“Rich is trying to quit the workout,” Games Director Dave Castro says with a laugh while standing outside during the CrossFit Tour event in Big Sky, Mont.
So he yells up to Froning’s hotel room.
“Rich, come down,” says Castro, still laughing. “Don’t be afraid.”
Froning’s response: “You can’t make us.”
The challenge—pulled from a hat—is 8 back… Continue Reading
One of CrossFit’s most-loathed movements, the burpee also represents a skill that can be transferred to other exercises, says gymnastics and movement guru Carl Paoli of San Francisco CrossFit.
“I go from flexion to extension to neutral to extension to flexion to neutral,” he explains. “It’s hard. And it goes back and forth, and it has so many moving pieces. That’s why the burpee is so hard.”
Athletes must move correctly with the knees out… Continue Reading
CrossFit Gymnastics trainers Jeff Tucker, Jessica Gray, Julie Barnes Maurer and Keith Wittenstein explain the many warm-up movements part and parcel to gymnastics.
In Part 2, coordination is also tested with arm circles in opposite directions, followed by one-leg balances. For the balances, athletes are asked to close their eyes to work on proprioception.
“Our senses are super important in trying to do different things for our… Continue Reading
CrossFit Gymnastics seminar trainers Jessica Gray, Julie Barnes Maurer, Jeff Tucker and Keith Wittenstein explain the many warm-up movements part and parcel to gymnastics.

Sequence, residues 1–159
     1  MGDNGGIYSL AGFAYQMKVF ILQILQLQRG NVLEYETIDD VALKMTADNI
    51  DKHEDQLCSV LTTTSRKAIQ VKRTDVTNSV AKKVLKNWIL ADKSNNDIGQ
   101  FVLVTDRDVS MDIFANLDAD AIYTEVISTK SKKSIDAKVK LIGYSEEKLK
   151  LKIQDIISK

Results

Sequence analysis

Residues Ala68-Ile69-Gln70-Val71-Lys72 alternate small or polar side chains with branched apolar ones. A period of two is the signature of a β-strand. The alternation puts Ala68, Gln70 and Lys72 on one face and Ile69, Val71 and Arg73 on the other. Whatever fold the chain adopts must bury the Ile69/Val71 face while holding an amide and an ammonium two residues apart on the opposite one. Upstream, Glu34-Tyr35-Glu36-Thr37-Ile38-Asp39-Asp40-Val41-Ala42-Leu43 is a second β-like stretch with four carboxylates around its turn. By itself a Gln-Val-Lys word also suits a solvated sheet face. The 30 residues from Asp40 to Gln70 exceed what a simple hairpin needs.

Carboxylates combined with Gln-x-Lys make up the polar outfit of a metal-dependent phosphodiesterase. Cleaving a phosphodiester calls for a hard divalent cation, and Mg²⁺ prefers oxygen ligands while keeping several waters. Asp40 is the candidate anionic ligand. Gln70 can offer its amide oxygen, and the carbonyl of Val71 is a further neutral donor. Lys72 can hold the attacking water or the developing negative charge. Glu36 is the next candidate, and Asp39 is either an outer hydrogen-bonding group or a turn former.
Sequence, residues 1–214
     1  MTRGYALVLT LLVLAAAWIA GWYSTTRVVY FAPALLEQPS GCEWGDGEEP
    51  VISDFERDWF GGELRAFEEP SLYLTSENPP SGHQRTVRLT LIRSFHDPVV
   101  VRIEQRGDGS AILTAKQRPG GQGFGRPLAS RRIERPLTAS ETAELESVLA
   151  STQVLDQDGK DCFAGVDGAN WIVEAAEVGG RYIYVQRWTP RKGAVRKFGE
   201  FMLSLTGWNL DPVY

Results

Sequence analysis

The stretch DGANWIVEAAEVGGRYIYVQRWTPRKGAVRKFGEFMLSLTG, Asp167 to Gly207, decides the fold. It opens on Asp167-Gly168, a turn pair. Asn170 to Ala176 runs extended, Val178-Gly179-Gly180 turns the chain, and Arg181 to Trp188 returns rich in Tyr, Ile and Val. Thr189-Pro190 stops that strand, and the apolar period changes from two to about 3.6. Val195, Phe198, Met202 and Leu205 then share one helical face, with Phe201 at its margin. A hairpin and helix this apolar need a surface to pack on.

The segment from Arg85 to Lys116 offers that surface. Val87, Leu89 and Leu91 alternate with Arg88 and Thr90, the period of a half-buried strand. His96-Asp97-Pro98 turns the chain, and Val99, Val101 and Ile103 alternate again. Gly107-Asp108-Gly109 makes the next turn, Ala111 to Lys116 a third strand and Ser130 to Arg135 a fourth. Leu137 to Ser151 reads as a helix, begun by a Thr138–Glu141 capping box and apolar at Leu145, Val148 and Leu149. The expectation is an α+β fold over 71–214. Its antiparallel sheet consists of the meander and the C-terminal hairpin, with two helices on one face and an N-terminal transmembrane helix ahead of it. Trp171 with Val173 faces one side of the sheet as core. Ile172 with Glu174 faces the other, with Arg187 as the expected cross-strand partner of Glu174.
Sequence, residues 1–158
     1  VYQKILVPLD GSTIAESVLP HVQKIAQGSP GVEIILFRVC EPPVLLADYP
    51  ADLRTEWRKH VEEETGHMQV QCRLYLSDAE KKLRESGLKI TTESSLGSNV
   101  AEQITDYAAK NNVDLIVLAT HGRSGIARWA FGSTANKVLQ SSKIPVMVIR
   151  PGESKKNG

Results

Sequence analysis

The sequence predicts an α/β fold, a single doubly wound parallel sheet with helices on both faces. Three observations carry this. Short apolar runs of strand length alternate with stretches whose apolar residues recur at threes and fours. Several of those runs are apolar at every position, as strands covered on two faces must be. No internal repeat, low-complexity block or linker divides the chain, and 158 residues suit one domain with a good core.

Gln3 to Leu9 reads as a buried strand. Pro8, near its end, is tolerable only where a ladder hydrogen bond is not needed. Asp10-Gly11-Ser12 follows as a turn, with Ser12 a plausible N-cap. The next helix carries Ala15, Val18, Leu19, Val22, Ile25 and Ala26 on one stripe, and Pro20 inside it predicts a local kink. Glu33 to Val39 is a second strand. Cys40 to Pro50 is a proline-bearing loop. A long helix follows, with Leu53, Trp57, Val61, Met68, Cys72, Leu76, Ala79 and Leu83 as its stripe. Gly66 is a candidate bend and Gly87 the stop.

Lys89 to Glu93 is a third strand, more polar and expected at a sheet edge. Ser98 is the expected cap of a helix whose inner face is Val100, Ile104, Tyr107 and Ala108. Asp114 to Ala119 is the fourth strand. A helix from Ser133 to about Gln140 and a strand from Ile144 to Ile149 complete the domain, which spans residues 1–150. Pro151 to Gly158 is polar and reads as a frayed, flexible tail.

It starts with walking on the toes, then goes on to walking on the toes with arms overhead, followed by walking on the heels, and then walking on the heels with arms overhead.
After that, scrape your heels forward, do a walk with an alternating calf… Continue Reading
Watching a person walk around a room can reveal a lot.
In a Gymnastics Trainer Course at Ascent CrossFit in Casper, Wyo., gymnastics guru Jeff Tucker talks about assessing athletes through simple movements. First, he has participants press PVC pipes over their heads and open their shoulders as much as they can.
“We’re just looking through some very simple movement here—what your body does,” Tucker explains.
He’s keeping an eye out for whether people… Continue Reading
Now that you’ve done your time with band-assisted muscle-up prep in Part 1, Carl Paoli takes you to the next step.
In Part 2, the gymnastics and movement specialist jumps on the rings and swings. He does so with a pseudo-false grip: the thumb over the index finger. His hands turn out when his feet are behind him.
“If I have that and I can swing and the rings are still still and not going… Continue Reading
Consider this your muscle-up primer.
In Part 1, gymnastics and movement specialist Carl Paoli shows us the band-assisted muscle-up prep he uses for every athlete.
“I need to be able to bow back and forth as a pretty strong shape that can kind of just be manipulated, molded,” he begins.
Paoli breaks down the progression into four steps:
1. Hip extension and flexion.
2. From hip extension to a fast sit-up.
3. From the sit-up… Continue Reading
For those clients who don’t yet have upper-body strength, the ring row is a good scaling exercise for the pull-up, Julie Barnes Maurer says in this Gymnastics Trainer Course. Immediately putting them on the bar isn’t a good idea, much less having them kip, she emphasizes.
When performing the ring row, “really think about engaging your lats I don’t want all the stress to be on your elbow and your biceps,” Maurer says.